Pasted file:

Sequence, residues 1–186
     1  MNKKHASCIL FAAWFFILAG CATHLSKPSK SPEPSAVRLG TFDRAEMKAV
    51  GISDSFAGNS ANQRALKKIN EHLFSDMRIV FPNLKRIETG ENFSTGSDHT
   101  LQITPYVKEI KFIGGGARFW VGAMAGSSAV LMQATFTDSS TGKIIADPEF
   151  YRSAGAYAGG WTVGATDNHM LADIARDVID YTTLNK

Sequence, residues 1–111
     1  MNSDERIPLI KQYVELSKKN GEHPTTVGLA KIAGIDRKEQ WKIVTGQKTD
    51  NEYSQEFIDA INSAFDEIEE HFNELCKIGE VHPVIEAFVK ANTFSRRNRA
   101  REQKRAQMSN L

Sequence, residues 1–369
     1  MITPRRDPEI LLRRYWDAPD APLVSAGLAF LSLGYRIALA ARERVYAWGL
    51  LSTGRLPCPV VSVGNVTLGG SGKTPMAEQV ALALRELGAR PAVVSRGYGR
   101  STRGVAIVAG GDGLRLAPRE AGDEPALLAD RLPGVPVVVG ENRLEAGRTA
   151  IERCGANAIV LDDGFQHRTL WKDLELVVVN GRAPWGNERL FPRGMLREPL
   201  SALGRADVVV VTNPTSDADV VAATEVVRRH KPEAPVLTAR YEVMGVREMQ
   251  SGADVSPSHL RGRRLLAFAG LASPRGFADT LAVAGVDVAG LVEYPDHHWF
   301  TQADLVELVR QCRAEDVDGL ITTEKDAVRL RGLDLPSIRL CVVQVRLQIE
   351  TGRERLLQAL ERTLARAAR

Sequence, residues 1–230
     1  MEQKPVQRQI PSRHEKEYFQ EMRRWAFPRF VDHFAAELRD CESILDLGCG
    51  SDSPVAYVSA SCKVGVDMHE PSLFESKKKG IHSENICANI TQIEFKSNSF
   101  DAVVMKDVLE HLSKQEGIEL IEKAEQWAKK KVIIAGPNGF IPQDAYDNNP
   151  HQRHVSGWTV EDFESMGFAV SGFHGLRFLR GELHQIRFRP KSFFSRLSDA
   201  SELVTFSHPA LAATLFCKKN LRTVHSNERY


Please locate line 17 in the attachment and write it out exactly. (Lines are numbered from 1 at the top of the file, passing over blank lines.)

   301  TQADLVELVR QCRAEDVDGL ITTEKDAVRL RGLDLPSIRL CVVQVRLQIE